DE-A 15 70 533 describes the production of branched polycarbonates by the melt transesterification process. However, only phenolic compounds are employed as branching agents.
According to DE-A 25 00 092, 3,3-bis-(4-hydroxyaryl)-oxoindoles are used as branching agents for the production of branched polycarbonates.
EP-A 0 140 341 describes the production of a branched polycarbonate by way of the melt transesterification process, using triaryl esters of tricarboxylic acids, for example of trimellitic acid, as branching agents. In EP-A 0 708 130, 1,3,5-tris-(2-hydroxyethyl)-cyanuric acid (II)
is cited, amongst other compounds, as a branching agent in a special 2-step process (page 4, line 33 of EP-A 0 708 130), but is not used in the examples.
At the temperatures of melt transesterification, however, compound (II) should be transformed and decomposed, with the separation of
The same applies to 3,4,5-trihydroxyphenylethyl alcohol (III)
which is cited as a branching agent in EP-A 0 708 130 (page 4, line 41). Here also, the separation of
In contrast, the aliphatic alcohols of formula (I) which are used according to the invention are thermally stable, and therefore do not decompose but are built up to form higher molecular weight ethers in all cases.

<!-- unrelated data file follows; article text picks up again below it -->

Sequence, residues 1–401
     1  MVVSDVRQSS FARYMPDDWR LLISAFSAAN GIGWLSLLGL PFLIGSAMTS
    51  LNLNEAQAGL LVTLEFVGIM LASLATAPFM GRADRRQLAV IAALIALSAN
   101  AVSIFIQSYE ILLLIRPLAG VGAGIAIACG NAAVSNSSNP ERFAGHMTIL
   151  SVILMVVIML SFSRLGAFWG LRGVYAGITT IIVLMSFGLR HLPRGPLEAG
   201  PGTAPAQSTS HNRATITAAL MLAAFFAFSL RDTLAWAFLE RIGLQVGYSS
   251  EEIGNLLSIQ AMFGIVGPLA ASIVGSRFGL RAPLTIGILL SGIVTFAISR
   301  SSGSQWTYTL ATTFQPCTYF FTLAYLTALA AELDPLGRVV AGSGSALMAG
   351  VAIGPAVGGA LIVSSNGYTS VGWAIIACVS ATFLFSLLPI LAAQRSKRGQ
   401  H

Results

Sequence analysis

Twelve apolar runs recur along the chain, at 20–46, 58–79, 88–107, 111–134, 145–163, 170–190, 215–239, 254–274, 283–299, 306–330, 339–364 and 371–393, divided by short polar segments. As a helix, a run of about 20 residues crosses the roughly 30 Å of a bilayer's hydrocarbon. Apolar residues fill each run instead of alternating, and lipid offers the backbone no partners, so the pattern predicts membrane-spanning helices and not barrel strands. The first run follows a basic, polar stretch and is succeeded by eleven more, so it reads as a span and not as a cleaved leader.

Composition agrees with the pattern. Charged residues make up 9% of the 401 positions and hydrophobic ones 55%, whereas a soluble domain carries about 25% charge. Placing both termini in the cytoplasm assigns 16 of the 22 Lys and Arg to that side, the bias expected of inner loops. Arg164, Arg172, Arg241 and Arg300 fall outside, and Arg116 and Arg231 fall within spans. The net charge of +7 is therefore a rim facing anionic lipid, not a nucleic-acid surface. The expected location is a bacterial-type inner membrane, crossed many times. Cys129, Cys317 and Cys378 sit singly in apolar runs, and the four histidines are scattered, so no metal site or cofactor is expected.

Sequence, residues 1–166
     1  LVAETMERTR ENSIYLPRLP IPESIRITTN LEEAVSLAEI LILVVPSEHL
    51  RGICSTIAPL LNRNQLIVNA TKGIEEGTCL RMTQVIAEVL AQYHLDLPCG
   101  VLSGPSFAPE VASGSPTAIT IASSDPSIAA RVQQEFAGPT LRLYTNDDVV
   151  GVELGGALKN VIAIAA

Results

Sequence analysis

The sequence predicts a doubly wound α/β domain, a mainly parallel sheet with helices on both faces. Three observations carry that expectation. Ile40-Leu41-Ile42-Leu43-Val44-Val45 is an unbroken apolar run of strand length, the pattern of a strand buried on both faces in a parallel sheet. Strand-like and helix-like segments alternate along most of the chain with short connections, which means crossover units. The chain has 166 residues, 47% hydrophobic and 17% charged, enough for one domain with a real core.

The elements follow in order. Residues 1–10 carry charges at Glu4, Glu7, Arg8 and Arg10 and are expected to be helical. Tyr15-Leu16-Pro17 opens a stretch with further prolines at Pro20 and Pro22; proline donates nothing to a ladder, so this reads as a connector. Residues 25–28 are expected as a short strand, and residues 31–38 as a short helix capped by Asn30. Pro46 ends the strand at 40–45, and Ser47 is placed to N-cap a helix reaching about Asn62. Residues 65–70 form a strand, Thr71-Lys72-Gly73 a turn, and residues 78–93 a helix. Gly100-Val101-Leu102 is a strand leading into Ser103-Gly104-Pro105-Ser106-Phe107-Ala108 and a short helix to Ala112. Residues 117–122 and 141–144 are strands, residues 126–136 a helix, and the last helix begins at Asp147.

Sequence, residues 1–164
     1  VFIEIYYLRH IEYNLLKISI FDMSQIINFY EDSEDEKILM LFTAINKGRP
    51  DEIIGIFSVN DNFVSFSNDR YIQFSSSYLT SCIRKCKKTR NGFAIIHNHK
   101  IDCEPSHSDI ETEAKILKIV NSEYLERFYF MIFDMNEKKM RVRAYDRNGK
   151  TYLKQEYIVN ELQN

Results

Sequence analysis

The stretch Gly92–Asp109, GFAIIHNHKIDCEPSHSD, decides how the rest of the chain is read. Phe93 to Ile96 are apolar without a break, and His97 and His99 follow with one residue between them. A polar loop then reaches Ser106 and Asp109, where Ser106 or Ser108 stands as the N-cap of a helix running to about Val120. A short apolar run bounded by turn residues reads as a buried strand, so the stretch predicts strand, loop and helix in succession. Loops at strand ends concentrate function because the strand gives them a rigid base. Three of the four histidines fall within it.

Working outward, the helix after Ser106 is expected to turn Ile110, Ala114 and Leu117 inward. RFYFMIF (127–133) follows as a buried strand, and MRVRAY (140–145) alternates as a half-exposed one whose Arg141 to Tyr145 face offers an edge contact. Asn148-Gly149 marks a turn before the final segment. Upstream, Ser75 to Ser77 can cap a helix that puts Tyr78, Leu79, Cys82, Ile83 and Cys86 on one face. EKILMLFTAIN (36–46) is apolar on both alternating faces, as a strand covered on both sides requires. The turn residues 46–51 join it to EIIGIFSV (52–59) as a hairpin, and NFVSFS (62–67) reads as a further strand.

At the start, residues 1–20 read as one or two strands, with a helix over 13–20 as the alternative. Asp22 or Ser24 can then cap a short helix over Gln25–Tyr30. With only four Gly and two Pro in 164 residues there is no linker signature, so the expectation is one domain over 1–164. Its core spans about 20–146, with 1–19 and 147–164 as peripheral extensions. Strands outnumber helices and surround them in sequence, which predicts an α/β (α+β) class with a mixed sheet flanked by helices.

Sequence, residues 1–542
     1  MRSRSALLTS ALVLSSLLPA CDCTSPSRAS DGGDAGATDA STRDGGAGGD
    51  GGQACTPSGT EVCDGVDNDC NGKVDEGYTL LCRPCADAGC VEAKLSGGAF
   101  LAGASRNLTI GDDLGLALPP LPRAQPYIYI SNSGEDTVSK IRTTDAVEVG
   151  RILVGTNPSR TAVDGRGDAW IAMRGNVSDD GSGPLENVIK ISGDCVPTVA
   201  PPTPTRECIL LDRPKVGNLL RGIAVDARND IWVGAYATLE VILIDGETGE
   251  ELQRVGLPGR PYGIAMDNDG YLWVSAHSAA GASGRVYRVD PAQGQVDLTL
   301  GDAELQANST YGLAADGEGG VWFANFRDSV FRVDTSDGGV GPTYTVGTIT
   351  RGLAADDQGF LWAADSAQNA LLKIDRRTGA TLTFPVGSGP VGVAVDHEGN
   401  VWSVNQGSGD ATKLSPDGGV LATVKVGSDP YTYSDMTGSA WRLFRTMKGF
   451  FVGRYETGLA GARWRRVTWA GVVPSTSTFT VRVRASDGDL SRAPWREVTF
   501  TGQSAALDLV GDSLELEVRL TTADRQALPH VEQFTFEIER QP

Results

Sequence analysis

However, since aliphatic polyalcohols are not incorporated in a controlled manner in the phase boundary process used industrially, and since the process in organic solution which is termed the pyridine process is no longer used industrially, the process or melt transesterification according to the invention provides a practical process for incorporating aliphatic branching sites into thermoplastic, aromatic polycarbonates, with good reproducibility.
Thus the present invention also relates to thermoplastic, branched polycarbonates which can be obtained by the process according to the invention.
As mentioned above, these are distinguished by their high stability and intrinsic viscosity in the melt. At the same time, their drip-off behaviour in the event of fire is reduced compared with that of linear polycarbonate.
Examples of suitable alcohols (I) include pentaerythritol, glycerol, 1,2,3,6-hexanetetrol and 2,5-dimethyl-1,2,6-hexanetriol.
A suitable ether of (I) is dipentaerythritol, for example.
Diphenols which are suitable according to the invention are those of formula (IV)
Z is a divalent radical, which preferably comprises 6 to 30 C atoms, which can be mononuclear or polynuclear, which may contain hetero atoms, which may be bridged or in ring form, and which may optionally contain inert substituents which do not change or do not react, either under the reaction conditions of the method according to the invention or under the known processing conditions for the polycarbonates obtainable according to the invention.